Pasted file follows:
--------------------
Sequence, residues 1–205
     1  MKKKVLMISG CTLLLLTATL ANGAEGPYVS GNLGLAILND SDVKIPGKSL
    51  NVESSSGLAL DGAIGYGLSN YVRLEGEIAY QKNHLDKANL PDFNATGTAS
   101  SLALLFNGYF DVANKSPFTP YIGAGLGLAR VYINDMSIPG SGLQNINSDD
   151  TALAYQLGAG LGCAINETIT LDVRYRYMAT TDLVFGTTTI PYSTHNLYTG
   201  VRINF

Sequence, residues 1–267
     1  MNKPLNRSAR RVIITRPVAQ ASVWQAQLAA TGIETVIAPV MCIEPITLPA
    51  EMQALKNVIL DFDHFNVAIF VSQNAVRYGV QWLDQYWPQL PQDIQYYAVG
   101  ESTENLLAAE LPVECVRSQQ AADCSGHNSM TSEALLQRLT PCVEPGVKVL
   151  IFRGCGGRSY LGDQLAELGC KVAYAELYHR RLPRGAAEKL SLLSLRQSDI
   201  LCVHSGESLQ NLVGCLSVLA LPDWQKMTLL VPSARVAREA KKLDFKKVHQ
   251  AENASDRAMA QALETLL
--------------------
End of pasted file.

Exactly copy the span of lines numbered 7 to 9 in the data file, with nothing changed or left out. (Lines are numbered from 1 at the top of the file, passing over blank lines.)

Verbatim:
Sequence, residues 1–267
     1  MNKPLNRSAR RVIITRPVAQ ASVWQAQLAA TGIETVIAPV MCIEPITLPA
    51  EMQALKNVIL DFDHFNVAIF VSQNAVRYGV QWLDQYWPQL PQDIQYYAVG